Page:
It is fascinating to me how Bill Donohue of the US Catholic League attempts to provoke.
It is also fascinating how he attempts to downplay child abuse by the Roman Catholic Church in Ireland by deflecting to a Reuters story. This aired on Today FM with Matt Cooper in Ireland on May 30th and came to my attention as US bloggers picked it up this week.
If citizens of Ireland didn’t know what a jackass Donohue is, they know now.
Here is a timeline of investigations into Roman Catholic institutional abuse in Ireland.
Colin O’Gorman eviscerates Donahue’s position.
He is known in Ireland as author of Beyond Belief, the founder of One in Four and is now Executive Director of Amnesty International Ireland. You have to wonder what Donohue possibly thought he was going to accomplish going on Irish radio after glancing at the Ryan report and calling former abuse survivors gold diggers. He says worse of course and because he can’t irritate the host or O’Gorman, or dazzle them with his bluster. This is The Catholic League’s response to Reuters back in May, and this is the article Donohue attempts to use to deflect.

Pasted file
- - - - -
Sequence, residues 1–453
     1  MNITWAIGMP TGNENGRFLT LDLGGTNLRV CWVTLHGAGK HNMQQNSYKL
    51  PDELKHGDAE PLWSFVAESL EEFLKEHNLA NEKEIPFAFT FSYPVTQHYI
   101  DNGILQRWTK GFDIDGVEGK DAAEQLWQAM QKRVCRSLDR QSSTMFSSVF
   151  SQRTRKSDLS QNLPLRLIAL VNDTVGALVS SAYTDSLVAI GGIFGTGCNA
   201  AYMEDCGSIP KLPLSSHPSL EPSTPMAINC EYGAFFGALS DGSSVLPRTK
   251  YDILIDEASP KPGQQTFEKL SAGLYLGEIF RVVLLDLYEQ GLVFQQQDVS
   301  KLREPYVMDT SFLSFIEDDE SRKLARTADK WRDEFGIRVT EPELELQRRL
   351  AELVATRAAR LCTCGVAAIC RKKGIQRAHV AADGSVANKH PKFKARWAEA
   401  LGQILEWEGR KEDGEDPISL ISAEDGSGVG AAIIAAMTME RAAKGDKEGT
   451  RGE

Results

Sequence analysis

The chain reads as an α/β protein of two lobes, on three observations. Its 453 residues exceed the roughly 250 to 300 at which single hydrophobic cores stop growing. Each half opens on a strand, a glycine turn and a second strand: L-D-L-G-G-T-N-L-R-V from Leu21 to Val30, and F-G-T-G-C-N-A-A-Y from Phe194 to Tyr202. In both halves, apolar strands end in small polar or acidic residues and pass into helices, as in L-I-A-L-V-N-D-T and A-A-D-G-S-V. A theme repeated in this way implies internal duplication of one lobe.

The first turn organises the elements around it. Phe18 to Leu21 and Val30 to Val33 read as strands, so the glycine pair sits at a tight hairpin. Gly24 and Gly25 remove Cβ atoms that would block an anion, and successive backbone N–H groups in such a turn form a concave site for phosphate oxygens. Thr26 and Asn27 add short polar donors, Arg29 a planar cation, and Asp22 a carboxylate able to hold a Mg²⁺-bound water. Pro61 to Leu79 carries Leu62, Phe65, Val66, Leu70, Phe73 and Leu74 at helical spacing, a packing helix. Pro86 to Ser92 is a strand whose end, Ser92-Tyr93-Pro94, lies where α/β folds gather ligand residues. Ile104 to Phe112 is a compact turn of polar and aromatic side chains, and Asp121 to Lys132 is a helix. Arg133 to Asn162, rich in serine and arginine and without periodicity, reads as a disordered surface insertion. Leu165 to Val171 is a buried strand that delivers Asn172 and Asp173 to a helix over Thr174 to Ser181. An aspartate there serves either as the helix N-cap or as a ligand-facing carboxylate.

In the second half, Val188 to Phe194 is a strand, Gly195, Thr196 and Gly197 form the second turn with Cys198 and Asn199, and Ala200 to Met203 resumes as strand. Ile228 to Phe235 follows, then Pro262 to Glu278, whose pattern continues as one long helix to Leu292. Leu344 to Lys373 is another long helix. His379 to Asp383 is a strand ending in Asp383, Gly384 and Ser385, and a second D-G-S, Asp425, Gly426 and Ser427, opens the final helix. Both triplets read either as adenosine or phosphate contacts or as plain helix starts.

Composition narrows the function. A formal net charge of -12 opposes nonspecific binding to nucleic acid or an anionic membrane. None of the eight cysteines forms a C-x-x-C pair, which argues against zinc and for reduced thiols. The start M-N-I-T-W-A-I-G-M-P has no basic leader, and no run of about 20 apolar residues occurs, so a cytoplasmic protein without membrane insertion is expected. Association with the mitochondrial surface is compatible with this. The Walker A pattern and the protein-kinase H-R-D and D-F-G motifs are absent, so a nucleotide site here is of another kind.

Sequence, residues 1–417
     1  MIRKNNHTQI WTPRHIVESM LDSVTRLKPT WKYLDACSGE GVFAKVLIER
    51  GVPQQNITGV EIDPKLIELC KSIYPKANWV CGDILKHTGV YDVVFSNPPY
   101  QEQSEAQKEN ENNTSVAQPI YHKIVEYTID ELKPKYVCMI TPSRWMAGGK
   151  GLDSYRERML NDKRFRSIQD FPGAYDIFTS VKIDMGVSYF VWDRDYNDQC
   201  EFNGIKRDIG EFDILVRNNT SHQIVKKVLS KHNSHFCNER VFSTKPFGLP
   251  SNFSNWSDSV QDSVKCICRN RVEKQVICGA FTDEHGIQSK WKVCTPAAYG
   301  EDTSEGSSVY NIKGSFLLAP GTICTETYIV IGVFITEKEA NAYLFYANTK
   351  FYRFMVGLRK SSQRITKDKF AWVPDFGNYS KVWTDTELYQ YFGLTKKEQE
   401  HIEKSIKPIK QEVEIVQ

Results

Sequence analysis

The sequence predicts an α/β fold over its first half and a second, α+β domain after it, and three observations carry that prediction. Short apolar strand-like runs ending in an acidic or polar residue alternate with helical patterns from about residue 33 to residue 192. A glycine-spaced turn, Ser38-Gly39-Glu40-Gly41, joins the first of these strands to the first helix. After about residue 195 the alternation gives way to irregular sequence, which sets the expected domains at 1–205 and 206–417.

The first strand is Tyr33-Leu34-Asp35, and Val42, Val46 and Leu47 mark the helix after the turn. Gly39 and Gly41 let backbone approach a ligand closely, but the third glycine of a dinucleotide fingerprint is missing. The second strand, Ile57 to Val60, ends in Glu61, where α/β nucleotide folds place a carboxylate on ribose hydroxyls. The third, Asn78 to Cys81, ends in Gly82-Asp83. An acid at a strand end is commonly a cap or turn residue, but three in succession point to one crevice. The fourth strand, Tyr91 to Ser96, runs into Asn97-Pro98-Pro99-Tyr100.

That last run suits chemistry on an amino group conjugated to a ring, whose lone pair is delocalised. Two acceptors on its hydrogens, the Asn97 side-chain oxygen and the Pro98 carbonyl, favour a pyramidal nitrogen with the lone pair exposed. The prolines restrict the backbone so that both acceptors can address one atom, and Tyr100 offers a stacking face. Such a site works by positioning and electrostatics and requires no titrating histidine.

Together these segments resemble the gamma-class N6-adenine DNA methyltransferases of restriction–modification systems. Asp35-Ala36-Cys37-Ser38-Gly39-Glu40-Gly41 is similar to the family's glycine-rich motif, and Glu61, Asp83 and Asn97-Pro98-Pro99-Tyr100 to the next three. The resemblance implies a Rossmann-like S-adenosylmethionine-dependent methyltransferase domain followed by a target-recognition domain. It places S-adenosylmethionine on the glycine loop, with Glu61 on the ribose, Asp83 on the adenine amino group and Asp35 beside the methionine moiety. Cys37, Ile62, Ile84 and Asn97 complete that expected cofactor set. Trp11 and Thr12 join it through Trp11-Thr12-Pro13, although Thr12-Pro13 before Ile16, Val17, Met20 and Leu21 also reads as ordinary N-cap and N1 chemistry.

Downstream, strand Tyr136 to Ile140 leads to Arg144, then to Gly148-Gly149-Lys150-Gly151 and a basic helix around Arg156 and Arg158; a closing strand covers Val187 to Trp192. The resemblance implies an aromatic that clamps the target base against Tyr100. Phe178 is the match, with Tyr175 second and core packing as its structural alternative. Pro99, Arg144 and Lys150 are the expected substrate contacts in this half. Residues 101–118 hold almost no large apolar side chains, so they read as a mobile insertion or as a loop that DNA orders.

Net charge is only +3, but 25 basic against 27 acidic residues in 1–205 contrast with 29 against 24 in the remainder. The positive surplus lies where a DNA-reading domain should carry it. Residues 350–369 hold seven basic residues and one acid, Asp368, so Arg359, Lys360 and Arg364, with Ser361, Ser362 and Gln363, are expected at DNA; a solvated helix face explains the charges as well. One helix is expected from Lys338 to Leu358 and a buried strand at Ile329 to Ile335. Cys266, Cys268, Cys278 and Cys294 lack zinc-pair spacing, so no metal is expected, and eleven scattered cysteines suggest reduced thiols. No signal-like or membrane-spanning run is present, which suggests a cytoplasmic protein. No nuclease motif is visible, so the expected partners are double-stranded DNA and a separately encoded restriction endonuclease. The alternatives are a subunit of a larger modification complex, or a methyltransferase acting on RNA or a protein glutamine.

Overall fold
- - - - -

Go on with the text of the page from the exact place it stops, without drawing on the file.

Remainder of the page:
The bible has a great deal to say about fools, it’s freeing to see one exposed. I give O’Gorman the last word.
Fear corrupts. It freezes us. It leaves us unable to react. I used to be afraid all the time, afraid of facing the past for fear of what I might find out about myself. But not anymore.
So often, we run from things we have done that we feel mark us as bad. I know that feeling; for so many years I ran from my own feelings of shame and self-blame.
The truth of who I am is to be found in the way I responded to the events that I have experienced. How I chose to deal with them, once I was free to do so.
The things we do as we struggle to survive unspeakable trauma name the power of our instinctive desire to survive, but they say very little about who we are â€“ what we believe and feel, and the principles and values we hold dear. It is only when we have the space to make free and informed choices that we discover who we actually are.